Post-Mastectomy Woman Bares It All on Facebook

By Dalila-Johari Paul

Beth Whaanga posted naked pictures of  herself and lost 100 friends on Facebook. Then they reported her to the social network police.
Her crime? The registered nurse was trying to raise awareness about breast cancer by showing real pictures of a woman's body post-surgery. 
But with friends like know the rest. However, this time, Facebook was on the side of the breast-bearer. Guess they made some changes in their policy.
At only 32, the Australian mother of four children was diagnosed with breast cancer last year. Doctors also told her she had the BRCA2 gene, which predisposes women to the disease. 
Instead of being ashamed of her new body post-surgery, she teamed up with photographer friend Nadia Mascot. Together the duo embarked on the  "Under the Red Dress" project.
But don't call Whaanga a survivor just yet. She prefers the term preventer
There has been a lot of talk this morning about me being a breast cancer survivor; I'm not sure that this is the right term. I think breast cancer preventer is more accurate. Yes, I did have major cellular changes to my left breast, and yes, I do have the BCRA2 gene mutation, but I was lucky enough to find these changes before they became aggressive or spread. My life was not in danger, I didn't have to fight. I was very fortunate. Of course, my mastectomy was necessary; it would not have been performed if it was not, [and] without it, my situation would be very different.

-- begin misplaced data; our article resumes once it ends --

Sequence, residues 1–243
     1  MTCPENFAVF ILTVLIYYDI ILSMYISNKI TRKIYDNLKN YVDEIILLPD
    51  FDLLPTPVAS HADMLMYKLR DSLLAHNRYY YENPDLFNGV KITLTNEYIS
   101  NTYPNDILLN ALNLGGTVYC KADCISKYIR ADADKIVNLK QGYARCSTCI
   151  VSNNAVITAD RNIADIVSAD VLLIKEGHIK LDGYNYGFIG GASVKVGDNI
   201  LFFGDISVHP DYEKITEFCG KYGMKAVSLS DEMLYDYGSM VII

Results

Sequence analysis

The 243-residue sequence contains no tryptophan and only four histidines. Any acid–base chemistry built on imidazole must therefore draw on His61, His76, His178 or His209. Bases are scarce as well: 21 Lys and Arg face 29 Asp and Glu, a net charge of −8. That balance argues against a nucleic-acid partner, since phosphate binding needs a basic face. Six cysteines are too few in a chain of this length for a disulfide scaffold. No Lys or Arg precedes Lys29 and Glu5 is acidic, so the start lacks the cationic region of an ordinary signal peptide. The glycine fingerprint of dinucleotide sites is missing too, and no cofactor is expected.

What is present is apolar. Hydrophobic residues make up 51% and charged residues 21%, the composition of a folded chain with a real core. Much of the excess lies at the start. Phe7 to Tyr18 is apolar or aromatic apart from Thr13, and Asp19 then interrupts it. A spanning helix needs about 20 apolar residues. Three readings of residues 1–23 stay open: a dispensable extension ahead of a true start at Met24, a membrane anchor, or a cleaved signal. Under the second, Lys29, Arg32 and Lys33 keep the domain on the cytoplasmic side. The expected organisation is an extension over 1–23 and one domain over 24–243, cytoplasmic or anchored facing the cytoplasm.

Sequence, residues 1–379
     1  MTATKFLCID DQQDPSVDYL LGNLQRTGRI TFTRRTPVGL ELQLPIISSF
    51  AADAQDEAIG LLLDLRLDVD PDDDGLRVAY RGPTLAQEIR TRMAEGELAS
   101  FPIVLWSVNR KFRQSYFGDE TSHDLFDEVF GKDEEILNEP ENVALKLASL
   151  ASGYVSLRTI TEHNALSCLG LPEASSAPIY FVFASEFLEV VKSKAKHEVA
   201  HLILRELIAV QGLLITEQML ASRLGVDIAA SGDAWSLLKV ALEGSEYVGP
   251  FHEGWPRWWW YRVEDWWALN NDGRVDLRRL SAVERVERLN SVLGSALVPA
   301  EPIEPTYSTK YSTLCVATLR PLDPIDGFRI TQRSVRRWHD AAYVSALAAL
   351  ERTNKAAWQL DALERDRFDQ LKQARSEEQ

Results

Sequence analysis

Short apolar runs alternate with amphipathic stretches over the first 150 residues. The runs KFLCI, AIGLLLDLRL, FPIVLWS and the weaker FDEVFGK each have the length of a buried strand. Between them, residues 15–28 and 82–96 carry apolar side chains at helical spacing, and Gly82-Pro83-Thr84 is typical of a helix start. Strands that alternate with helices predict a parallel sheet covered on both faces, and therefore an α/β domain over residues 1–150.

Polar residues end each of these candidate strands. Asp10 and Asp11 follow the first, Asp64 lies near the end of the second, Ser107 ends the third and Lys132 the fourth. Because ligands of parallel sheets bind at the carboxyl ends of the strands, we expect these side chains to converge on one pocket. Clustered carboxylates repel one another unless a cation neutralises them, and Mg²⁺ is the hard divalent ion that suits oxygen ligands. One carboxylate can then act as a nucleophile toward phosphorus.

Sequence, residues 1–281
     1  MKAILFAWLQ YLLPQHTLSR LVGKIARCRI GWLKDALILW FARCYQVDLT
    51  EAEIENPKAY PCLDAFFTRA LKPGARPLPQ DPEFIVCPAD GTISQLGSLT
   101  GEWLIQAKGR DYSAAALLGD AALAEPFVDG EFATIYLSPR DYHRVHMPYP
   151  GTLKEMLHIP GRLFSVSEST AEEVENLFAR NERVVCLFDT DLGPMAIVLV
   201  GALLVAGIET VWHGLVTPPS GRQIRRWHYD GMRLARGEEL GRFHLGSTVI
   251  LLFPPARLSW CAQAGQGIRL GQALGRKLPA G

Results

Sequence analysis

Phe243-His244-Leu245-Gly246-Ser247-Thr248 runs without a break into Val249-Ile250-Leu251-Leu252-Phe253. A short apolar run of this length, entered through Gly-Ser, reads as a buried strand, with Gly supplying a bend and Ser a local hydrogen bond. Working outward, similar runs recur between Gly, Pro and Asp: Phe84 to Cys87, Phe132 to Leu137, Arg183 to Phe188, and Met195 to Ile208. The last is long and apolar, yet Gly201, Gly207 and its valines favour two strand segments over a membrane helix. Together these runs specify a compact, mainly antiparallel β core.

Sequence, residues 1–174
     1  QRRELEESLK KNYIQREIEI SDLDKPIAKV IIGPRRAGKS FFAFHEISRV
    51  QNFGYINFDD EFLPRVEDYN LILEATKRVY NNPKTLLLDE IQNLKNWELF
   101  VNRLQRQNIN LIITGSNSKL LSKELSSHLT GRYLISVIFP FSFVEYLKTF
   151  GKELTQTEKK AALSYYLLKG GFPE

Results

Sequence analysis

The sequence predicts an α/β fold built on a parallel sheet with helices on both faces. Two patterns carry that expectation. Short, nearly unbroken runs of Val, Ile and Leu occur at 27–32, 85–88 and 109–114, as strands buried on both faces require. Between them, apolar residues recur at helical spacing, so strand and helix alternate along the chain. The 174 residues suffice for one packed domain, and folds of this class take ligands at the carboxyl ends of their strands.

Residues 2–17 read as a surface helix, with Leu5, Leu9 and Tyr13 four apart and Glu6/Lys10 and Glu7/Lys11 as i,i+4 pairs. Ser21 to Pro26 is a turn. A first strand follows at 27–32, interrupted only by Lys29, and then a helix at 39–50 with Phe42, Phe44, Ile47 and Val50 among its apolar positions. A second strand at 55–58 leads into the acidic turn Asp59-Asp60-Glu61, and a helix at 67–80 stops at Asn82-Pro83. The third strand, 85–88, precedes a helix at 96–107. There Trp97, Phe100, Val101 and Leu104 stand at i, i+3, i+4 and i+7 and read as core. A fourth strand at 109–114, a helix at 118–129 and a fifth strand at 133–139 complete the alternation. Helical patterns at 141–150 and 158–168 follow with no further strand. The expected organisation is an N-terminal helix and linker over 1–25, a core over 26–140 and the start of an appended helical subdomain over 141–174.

I'd hate to think that women and men, who have fought the fight or are still fighting and are true survivors, or worse, have lost the fight, thought I was comparing my experience to theirs or devaluing their fight. I'm grateful everyday that I didn't need to go through what they are going though and have been through.
The aim of the photo shoot was to make women and men aware. Aware of any changes to their body, to show that cancer does not discriminate between gender, race, or age. It affects all of us. For those of us who have been lucky enough to prevent their condition from continuing or occurring, we have a responsibility to make others aware.

So why hide? She certainly didn't break any Facebook rules.
“These images are confronting and contain topless material,”  Whaanga wrote on Facebook.
“They are not in any way meant to be sexual. The aim of this project is to raise awareness for breast cancer. If you find these images offensive, please hide them from your feed.
Each day we walk past people. These individuals appear normal, but under their clothing, sometimes their bodies tell a different story... The old and the young, age does not matter, self-examination is vital. It can happen to you.

Need we say anymore?

Photos by Nadia Mascot on Beth Whaanga's Facebook page